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One year after a firefighter's deadly fall, L.A. is fighting an order from state safety regulators

One year after a firefighter's deadly fall, L.A. is fighting an order from state safety regulators
A picture of fallen Los Angeles firefighter Kelly Wong stands in front of the Cathedral of Our Lady of the Angels prior to his funeral on June 16, 2017. (Mark Boster / Los Angeles Times)

It was supposed to be a routine training exercise: firefighters climbing a ladder to the roof of a six-story building in downtown Los Angeles, as though the structure were on fire.

On that June morning in 2017, firefighter Kelly Wong made it more than halfway up the ladder, leaning against the Barclay Hotel at a 73-degree angle. But then the 29-year-old lost his footing, falling from the ladder onto the fire truck below. He died from his injuries two days later.

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Now, lawyers for the Los Angeles Fire Department are at odds with workplace safety regulators over their investigation into the incident, the first fatality during a department training exercise since 1985.

Officials with the state’s Division of Occupational Safety and Health, or Cal/OSHA, sent the Fire Department a special order in December instructing it to establish and implement procedures for using aerial ladders safely. The department must ensure that workers maintain three points of contact with a ladder at all times — either two hands and one foot, or two feet and one hand, Cal/OSHA said in its order.

After visiting the accident site, safety regulators concluded that Wong had been holding a Fire Department “roof kit,” or two metal hooks strapped together, while he was on the ladder.

“The incident was caused by [Wong] carrying the roof kit in his hand, rather than secured to his back, thereby not allowing him to maintain three points of contact while ascending the ladder,” state officials wrote in their two-page narrative on the incident.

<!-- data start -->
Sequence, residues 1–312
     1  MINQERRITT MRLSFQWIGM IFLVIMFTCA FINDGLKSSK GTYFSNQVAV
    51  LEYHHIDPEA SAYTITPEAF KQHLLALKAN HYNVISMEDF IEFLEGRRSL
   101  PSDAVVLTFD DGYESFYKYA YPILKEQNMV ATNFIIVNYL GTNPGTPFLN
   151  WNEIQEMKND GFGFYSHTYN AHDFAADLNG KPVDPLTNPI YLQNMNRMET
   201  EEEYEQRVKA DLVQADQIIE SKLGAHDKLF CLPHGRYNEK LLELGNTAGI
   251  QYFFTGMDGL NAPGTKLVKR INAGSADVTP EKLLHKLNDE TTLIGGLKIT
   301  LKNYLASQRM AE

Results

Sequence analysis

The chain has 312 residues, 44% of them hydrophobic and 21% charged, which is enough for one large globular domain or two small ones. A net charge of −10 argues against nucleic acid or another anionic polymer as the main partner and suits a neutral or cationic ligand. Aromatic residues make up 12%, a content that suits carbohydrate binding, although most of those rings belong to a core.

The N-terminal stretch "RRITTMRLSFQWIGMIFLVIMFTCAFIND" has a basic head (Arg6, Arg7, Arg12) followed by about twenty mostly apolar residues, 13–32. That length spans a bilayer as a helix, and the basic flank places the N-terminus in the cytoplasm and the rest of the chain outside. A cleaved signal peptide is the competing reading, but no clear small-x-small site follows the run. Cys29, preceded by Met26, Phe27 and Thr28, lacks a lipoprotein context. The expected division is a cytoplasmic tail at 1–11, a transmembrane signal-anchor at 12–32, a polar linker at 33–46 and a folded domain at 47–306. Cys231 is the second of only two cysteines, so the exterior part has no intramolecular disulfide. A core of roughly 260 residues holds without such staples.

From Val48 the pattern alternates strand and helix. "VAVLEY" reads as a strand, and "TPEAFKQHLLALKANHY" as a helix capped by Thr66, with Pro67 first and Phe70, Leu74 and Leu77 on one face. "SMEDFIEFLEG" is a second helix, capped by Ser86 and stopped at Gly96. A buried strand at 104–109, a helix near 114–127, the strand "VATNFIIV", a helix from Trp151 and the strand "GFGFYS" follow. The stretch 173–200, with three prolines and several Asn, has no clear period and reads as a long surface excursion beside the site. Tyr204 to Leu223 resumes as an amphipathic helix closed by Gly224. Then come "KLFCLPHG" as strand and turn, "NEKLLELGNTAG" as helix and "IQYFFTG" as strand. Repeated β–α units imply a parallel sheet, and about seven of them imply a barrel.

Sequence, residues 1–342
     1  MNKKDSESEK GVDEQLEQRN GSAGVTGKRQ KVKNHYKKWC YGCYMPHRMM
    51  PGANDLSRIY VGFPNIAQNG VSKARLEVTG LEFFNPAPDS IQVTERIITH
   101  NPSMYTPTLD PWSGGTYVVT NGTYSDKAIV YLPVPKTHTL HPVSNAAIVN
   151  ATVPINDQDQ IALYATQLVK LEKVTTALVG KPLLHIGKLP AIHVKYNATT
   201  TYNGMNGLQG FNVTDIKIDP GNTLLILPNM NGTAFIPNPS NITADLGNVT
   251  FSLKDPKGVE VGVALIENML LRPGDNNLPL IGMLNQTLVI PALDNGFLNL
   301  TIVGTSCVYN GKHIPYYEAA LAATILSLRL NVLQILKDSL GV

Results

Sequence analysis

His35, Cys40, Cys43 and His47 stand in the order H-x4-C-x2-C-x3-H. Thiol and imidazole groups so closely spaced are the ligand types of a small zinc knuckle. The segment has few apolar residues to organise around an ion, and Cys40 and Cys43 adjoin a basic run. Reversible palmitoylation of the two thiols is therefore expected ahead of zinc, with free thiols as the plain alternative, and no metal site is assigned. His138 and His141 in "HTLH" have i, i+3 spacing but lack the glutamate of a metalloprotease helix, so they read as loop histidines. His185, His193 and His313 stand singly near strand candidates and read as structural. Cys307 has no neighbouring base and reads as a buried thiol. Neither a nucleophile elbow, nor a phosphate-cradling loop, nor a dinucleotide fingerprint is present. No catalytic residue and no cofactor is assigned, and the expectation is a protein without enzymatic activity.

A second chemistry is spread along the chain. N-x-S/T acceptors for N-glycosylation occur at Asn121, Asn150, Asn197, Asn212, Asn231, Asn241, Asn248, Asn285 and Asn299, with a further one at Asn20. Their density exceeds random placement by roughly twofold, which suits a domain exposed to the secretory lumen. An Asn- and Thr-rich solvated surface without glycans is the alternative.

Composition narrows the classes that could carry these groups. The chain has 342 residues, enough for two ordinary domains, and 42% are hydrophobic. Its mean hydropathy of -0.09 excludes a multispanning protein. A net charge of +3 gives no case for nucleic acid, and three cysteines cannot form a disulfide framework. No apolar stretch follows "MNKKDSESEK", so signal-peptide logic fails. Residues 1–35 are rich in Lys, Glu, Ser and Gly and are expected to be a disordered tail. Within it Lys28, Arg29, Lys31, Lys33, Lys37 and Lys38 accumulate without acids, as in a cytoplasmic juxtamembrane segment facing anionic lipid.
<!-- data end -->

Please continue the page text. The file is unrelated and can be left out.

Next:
Cal/OSHA officials said their order will require the city to take corrective steps to prevent serious and fatal falls in the future. But the Fire Department has filed an appeal, calling the order “vague and ambiguous” and arguing that it provided little guidance on how to comply.

In the appeal filing, Deputy City Atty. Jorge M. Otaño said some of the order’s instructions would hamper the department’s work in saving lives. “As worded, many rescues would be a violation of the order and cause unnecessary delay or hazard,” he wrote.

Cal/OSHA officials say they issue special orders to “correct an unsafe condition, device, or place of employment which poses a threat to the health or safety of employees” — and which is not covered by existing state regulations. In the Wong case, the agency said the Fire Department cannot allow workers to transport tools in ways that put them at risk of falling from ladders.

An LAFD fire truck carries the coffin of fallen firefighter Kelly Wong up Temple Street, enroute to his memorial service in June 2017.
An LAFD fire truck carries the coffin of fallen firefighter Kelly Wong up Temple Street, enroute to his memorial service in June 2017. (Mark Boster / Los Angeles Times)

Peter Sanders, a spokesman for the Fire Department, said Fire Chief Ralph Terrazas would have no comment on the incident until the city resolved its issues with Cal/OSHA. But he confirmed the department currently has no written policy or procedure for carrying a roof kit while ascending a ladder.

Sanders said department officials are updating their policies on the safe use of ladders, which will clarify how tools should be carried. The language is expected to say that firefighters “have to have both of their hands free to climb ladders,” Sanders said. “And that when they take tools up ladders, they do so in a way where they don’t need to use their hands to hold the equipment.”

Sanders said the wording changes, expected later this summer, are a result of the department’s ongoing evaluation of safety procedures — and not a response to Wong’s death.